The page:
In 2008 I attended the first Woodworking In America conference in Berea, KY. The presenters included some of the best cabinetmakers in the country. I was mainly interested in improving my hand tool skills. Little did I know that the most exciting presentation I would see that week wouldn’t come from a cabinetmaker at all.
On the second day of the conference I had a two hour block of time on my schedule that was empty. I looked through the list of presenters and there was a guy named Brian Boggs who was giving a lecture on chair design. I didn’t know the first thing about chairs, but I thought I might learn something useful. It was the right decision. When I left Brian’s presentation I was giddy with excitement. Brian spoke about wood and construction on a level that was beyond me and yet so exciting. Brian was so passionate and so knowledgeable about his craft that it was contagious! He also had a few of his chairs on hand. They were beautifully designed but when I got a chance to sit in them I was simply amazed at how comfortable a wooden chair could be. I knew that I would have to build one of these chairs some day. That day came last week.
Jeff Lefkowitz is an instructor for Brian Boggs Chairmakers. His shop is in Strasburg, VA. For years I had dreamed of taking a chairmaking class with Brian Boggs, but the time off and travel to Asheville made it impossible. However, a couple of months ago I discovered that Jeff was now giving classes on Bogg’s Chairs in Virginia. Although I was very excited with the prospect of taking the class it was the jigs that pushed me over the edge. After talking to Jeff on the phone he mentioned that if I wanted to cover the cost of the jig materials that while I was working on my chair he would build the more complicated jigs. That was a deal! Not only would I leave with a chair, but the jigs to build more of them!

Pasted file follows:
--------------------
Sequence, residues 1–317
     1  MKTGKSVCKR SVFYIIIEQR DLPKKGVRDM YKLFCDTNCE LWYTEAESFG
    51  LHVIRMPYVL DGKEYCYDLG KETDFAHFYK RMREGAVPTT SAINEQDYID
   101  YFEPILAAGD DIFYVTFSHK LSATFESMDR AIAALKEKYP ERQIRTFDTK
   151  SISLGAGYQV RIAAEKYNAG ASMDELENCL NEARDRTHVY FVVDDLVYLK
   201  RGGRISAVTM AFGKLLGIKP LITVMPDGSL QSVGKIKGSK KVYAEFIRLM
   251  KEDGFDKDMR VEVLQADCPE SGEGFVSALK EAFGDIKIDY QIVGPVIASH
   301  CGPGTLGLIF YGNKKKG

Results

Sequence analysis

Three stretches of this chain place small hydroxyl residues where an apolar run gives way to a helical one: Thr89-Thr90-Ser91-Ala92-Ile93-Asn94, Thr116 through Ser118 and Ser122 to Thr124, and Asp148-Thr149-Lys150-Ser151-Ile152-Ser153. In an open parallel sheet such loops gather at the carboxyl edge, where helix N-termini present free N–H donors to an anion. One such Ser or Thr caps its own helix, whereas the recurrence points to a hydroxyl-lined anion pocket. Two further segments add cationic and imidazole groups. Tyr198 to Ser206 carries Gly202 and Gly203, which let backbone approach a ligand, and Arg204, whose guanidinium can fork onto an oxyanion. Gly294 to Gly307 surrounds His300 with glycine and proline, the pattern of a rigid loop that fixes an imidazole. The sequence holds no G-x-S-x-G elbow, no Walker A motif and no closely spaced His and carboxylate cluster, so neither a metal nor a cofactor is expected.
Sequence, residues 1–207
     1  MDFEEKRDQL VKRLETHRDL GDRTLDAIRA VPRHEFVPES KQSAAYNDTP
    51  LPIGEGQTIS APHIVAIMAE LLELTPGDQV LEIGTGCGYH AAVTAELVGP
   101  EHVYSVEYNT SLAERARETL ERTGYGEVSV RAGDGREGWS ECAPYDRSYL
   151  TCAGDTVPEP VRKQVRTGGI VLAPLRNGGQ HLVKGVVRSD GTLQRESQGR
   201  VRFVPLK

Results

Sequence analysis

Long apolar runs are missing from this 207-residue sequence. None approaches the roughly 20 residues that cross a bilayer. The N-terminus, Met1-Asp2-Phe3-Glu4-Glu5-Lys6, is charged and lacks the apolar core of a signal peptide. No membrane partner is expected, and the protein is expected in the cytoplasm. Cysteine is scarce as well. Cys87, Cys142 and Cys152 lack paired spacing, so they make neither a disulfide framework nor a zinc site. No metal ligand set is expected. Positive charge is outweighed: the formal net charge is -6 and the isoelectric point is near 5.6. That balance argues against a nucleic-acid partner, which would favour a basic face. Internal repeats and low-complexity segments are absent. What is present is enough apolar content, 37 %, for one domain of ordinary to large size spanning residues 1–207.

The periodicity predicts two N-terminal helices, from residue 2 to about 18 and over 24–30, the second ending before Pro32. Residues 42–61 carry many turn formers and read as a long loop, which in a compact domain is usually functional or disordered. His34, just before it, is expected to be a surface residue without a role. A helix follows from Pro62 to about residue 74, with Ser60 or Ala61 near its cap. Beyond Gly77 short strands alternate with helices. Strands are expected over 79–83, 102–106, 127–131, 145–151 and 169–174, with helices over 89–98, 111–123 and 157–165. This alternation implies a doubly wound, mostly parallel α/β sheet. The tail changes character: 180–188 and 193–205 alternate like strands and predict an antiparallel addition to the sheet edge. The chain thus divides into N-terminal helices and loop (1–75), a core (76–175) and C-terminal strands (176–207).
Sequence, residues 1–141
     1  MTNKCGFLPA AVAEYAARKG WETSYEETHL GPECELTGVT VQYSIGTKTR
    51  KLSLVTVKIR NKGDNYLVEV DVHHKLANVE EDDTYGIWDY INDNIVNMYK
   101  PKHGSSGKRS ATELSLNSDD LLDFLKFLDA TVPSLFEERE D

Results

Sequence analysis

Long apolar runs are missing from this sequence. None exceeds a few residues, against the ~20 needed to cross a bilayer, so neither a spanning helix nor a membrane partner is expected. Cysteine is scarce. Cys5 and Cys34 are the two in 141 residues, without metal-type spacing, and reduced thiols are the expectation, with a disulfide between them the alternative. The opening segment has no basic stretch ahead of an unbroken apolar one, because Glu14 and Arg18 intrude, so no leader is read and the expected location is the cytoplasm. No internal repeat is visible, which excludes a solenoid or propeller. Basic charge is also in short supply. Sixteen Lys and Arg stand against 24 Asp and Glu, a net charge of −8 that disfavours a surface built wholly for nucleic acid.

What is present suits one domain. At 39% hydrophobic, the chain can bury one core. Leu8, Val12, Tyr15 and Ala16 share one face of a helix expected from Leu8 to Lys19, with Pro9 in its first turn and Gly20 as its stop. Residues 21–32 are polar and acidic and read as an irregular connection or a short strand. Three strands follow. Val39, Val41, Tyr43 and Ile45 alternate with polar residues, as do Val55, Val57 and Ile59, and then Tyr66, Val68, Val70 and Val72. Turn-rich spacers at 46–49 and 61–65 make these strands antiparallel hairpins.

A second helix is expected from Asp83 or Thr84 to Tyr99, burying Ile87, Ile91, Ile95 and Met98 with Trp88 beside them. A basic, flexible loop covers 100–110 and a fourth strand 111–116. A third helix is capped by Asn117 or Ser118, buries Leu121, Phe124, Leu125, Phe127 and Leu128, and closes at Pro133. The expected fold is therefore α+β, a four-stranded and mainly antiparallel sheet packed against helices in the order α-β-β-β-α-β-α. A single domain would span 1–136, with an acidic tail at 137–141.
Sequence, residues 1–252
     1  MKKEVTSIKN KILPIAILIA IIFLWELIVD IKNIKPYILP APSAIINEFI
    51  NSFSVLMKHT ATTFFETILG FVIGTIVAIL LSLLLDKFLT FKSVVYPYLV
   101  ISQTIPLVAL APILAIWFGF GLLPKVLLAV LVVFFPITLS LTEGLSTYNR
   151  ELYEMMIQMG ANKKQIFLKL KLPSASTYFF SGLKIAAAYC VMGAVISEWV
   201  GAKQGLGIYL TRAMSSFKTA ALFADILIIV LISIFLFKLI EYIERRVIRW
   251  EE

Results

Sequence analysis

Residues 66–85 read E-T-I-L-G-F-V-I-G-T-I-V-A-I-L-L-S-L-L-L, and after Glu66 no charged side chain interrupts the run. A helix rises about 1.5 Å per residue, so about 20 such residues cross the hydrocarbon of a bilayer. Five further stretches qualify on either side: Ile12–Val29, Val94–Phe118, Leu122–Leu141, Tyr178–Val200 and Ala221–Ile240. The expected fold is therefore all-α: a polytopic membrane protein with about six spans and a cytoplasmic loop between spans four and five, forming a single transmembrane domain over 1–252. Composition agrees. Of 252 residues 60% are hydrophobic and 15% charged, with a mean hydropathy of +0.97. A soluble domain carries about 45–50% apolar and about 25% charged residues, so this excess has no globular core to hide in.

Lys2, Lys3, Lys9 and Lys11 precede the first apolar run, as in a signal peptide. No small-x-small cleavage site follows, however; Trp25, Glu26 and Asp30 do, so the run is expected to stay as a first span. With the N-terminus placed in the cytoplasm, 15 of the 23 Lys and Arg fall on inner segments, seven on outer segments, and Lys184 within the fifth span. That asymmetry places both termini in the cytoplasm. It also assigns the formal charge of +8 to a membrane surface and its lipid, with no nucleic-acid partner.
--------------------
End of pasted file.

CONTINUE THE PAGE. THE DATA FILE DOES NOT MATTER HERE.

Jeff’s classes are limited to a maximum of two people so you can be assured of a personal touch. When I arrived at Jeff’s shop he had a manual in a three ring binder for each of us. Jeff is a graphic designer by trade and it shows. He has created an excellent manual. It goes step-by-step through the entire chair building process. It even has complete measurements for all the jigs. After looking at the manual I felt completely at ease without taking any notes at all. I was able to just relax, listen to Jeff and digest the information he was teaching. It was a great experience.
The first day started with selecting lumber from the woodshed. This is when Jeff’s organizational skills first became evident. We were selecting wood to use to make the rear legs of the chair, but we had to steam bend them and then let them dry for several weeks. No problem, we would actually be bending the legs for the next class. The legs we would use for our chairs were already bent and dry, but we got to go through the entire process none the less – which was excellent. This continued throughout the course. Jeff always had things organized and ready to go. There was never any last minute scrambling.
Brian’s production method relies heavily on jigs in order to achieve the precision it takes to make a chair that lasts a very long time. Although this class focused on building a specific Bogg’s chair using Brian’s jigs, Jeff always made sure that we understood the concepts at work – how and why the jig works. These are concepts that would apply to any chair should you decide to branch out and design your own. Although the dimensioning of the chair parts and milling of mortises is all done with machines most of the parts are shaped by hand. In particular the rear legs are completely shaped using a drawknife, spokeshave and card scraper. This was my first time using a drawknife and under Jeff’s tutelage I found it quite enjoyable. Jeff clearly has a passion for teaching.